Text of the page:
That’s a far cry from the days when sport directors would organize training and racing programs for racers across a team.
Chris Froome: ‘A much more level playing field’
Of course, the other essential piece of any winning strategy is having a winner.
Team Sky/Ineos brought them in spades. First with Bradley Wiggins, and by the later part of the decade, the system was so well-oiled that Geraint Thomas and Egan Bernal each added a yellow tunic to their wardrobe.
The key figure to the Sky run was Chris Froome.
A few are too quick to write him off, especially with his odd pedaling stroke and unconventional racing style, and others accused him of being a cheat — that simply goes with the territory of being a Tour dominator — but Froome was the perfect rider for the Sky system.
As nutrition, training, precision, technology, and efficiency became part of the winning formula — assuming that recipe never included massive amounts of PED’s — Froome delivered the ideal personality, ambition, and engine to fully realize the Sky method.
Like him or not, winning four editions of the Tour, two titles at the Vuelta a España, and one Giro, Froome is the most successful grand tour rider in the modern era. And he won all those victories at Sky/Ineos.
In a press event Thursday with Israel-Premier Tech, I asked Froome if he thought that Ineos Grenadiers was no longer setting the tone in the peloton.
Here’s what he said:
“It’s fair to say, a decade ago, that Team Sky was setting the benchmark. Other teams have caught up. It seems at the moment, there are two or three of the bigger teams who are on a similar kind of level, especially when it comes to riding the grand tours and controlling the grand tours in terms of the general classification. It does seem to be a much more even playing field in that sense.”
— @UAE-TeamEmirates (@TeamEmiratesUAE) January 14, 2022
UAE Emirates and Jumbo-Visma are those teams that have the financial backing, raw talent, and the back-room staff to really bring it up to the Sky/Ineos level.
What those teams also pack are winners. Tadej Pogačar burst onto the scene faster and more dramatically than anyone could have imagined. And despite a few dramatic miscues along the way, Primož Roglič is a tiger on the bike.
Those two set the tone in any race they start.
The Slovenians are untouchable right now, and these next few seasons will tell us if Bernal, Carapaz or anyone else is up to the task to take on these usurpers to the Ineos crown. The jury is still out on Bernal on whether his fragile back and inner drive can match the steely resolve of the Slovenians.
Froome gave Brailsford that winner. Bernal recently re-upped his contract through 2026, so the team still believes the Colombian can be their next franchise rider.
At the end of the day, one thing hasn’t changed. It doesn’t matter how much money a team can spend; if the central GC captain isn’t a winner and doesn’t stay healthy, the wins won’t come.
The takeaway? There’s a crowd at the top, but don’t write off Ineos Grenadiers just yet
Dennis stated the obvious this week: Ineos Grenadiers no longer owns a monopoly at the top.
Nearly every major WorldTour team is investing in science and recruiting, resulting in a much more level playing field in grand tours and stage racing than at the peak of the Sky era more than a decade ago.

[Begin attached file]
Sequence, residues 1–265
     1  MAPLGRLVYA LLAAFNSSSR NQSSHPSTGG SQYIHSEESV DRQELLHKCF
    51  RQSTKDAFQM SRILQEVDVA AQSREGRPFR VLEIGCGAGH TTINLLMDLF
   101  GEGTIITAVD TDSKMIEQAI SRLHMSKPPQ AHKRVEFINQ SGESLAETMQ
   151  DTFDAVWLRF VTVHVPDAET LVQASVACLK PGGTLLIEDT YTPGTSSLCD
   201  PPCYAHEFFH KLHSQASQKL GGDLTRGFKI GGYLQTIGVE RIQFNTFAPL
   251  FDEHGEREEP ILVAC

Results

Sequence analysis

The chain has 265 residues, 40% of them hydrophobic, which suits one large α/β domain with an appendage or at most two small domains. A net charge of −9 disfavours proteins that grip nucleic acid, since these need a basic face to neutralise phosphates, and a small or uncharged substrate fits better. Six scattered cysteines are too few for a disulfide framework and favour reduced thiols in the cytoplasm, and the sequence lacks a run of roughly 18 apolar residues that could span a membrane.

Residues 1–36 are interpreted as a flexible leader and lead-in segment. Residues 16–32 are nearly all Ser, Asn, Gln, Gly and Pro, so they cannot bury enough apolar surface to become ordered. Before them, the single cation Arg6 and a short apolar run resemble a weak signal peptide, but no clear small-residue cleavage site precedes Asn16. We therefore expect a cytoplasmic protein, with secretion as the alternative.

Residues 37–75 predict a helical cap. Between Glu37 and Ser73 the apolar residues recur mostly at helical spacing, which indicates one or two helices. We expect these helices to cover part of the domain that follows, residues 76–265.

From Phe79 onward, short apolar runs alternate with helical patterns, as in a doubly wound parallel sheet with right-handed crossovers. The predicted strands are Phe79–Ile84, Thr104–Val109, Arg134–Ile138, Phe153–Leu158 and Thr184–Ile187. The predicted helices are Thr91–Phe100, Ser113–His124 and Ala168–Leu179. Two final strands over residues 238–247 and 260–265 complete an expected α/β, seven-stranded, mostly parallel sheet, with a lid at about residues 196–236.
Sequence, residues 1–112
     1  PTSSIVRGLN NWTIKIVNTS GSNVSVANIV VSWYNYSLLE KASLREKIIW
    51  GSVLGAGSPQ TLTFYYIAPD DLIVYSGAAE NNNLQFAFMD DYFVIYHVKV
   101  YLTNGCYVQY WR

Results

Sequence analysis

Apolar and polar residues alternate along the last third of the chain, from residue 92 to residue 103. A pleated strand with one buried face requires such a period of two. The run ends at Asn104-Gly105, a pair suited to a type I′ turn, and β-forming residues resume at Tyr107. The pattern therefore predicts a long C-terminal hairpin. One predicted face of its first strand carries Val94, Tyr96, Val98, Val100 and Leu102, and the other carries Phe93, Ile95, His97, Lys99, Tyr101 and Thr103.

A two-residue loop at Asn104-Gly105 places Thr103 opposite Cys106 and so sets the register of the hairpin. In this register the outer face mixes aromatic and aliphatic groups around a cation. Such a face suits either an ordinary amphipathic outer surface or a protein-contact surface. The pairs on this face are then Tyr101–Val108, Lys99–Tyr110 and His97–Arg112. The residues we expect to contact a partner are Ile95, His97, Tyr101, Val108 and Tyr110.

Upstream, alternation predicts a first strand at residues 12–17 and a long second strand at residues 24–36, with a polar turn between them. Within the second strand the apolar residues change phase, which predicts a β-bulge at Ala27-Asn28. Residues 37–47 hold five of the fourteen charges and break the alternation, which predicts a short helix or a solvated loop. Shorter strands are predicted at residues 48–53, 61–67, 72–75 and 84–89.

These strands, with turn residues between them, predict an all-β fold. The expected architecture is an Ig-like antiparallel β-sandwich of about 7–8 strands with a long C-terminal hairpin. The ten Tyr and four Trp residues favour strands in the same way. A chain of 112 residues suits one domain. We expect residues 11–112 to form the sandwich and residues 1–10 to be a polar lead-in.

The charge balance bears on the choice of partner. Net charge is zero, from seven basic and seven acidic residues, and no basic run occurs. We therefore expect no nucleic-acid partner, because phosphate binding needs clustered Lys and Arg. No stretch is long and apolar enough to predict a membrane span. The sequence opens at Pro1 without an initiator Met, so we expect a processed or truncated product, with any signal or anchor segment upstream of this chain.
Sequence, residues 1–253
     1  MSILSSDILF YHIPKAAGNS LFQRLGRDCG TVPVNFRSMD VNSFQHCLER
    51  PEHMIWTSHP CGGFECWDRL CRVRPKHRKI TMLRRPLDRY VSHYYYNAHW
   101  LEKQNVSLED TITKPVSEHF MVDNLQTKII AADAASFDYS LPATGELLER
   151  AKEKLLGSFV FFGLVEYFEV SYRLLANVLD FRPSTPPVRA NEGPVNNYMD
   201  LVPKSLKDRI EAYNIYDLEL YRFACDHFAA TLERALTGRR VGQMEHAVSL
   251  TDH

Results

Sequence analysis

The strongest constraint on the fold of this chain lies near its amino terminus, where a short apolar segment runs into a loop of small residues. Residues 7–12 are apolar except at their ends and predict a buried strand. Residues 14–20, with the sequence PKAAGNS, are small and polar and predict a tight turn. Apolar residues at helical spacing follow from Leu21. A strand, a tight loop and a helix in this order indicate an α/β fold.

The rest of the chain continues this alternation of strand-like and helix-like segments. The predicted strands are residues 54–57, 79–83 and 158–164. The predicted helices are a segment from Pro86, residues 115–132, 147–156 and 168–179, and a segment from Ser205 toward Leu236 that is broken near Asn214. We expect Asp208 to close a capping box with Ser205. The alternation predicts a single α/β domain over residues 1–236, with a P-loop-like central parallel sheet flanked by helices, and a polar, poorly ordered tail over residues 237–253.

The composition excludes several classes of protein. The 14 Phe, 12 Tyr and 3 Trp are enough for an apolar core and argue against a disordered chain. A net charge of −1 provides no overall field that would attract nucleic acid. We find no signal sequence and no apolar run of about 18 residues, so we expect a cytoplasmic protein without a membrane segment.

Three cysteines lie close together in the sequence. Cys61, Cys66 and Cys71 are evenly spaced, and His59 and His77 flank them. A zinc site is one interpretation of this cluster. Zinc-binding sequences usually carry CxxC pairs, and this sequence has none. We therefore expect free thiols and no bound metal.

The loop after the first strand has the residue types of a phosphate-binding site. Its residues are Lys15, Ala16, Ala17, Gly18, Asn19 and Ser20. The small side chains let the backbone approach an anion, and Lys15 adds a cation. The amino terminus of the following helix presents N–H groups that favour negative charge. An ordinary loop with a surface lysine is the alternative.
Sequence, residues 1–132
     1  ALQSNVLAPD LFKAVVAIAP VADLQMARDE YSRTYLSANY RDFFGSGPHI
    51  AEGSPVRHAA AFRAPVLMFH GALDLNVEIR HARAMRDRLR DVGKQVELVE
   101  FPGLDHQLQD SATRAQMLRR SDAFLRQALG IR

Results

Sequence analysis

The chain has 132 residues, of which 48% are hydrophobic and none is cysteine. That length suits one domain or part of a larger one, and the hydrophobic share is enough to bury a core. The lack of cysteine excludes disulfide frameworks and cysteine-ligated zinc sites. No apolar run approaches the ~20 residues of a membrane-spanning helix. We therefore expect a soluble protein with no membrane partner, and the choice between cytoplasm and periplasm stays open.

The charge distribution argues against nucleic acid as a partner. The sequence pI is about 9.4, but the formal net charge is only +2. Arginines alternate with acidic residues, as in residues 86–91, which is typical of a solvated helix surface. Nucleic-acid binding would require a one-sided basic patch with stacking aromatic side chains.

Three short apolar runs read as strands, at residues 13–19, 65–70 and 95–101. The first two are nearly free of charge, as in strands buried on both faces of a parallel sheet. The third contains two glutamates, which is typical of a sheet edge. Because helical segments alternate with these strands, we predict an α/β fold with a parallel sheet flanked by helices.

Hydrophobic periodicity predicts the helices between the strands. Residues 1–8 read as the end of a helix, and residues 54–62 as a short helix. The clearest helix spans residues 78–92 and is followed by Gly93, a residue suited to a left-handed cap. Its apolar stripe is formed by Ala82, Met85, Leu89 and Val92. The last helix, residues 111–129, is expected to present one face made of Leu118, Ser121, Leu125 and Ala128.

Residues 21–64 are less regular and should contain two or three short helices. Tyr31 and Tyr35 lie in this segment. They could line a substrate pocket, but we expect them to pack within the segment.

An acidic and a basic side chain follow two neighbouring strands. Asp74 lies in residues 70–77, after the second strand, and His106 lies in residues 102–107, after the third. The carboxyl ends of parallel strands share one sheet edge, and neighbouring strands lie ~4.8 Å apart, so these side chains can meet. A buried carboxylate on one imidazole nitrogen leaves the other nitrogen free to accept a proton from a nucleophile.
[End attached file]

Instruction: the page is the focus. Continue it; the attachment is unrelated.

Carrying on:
Many took their cues from what Sky brought to the paddock a decade ago, but that head-start is gone.
And two teams, UAE Emirates and Jumbo-Visma, have the rare but essential treble — budget, back-room support, and frontline winners — to take it straight to, and perhaps even surpass, Ineos Grenadiers.
Of course, Ineos Grenadiers isn’t blind to this challenge.
Led by Rod Ellingworth, who is taking over the day-to-day from Brailsford, the team is shaking up its backroom staff, underscored by the exit of longtime coach Kerrison. Bernal and Carapaz remain at the center of the team’s GC ambitions, but Ineos is heavily investing in finding its next Froome. The team is packed with young, raw talent thanks to a recruitment program that dates back a few years, with Tom Pidcock looking poised to emerge as a Pogačar-killer if he can continue to his impressive upward trajectory.
Also read: Tom Pidcock ramps up road ambitions
In fact, Ineos Grenadiers packs more grand tour winners with four on its roster — Thomas, Bernal, Carapaz and Tao Geoghegan Hart — than any team in the peloton.
The team’s distractors might be disappointed, because Ineos Grenadiers isn’t going anywhere.
What’s this mean for fans? Good times lie ahead.
Right now, grand tour racing is deeper and more wide open than it’s been in decades.
This year’s Tour should see the first head-to-head clash between Pogačar, Roglič and Bernal since Pogačar’s unexpected rise in 2020. Other teams are knocking on the door. No one is settling for the status quo. The pressure is on to evolve, improve, and post results.
The 2022 clash at the Tour could well set the team dynamics for the next few seasons.
What’s certain is that cycling could be hitting a golden age of grand tour racing that will see several riders and teams race in an epic tug-of-war for victory.
That’s much better than seeing one team and one rider reel off yellow jersey after yellow jersey, non?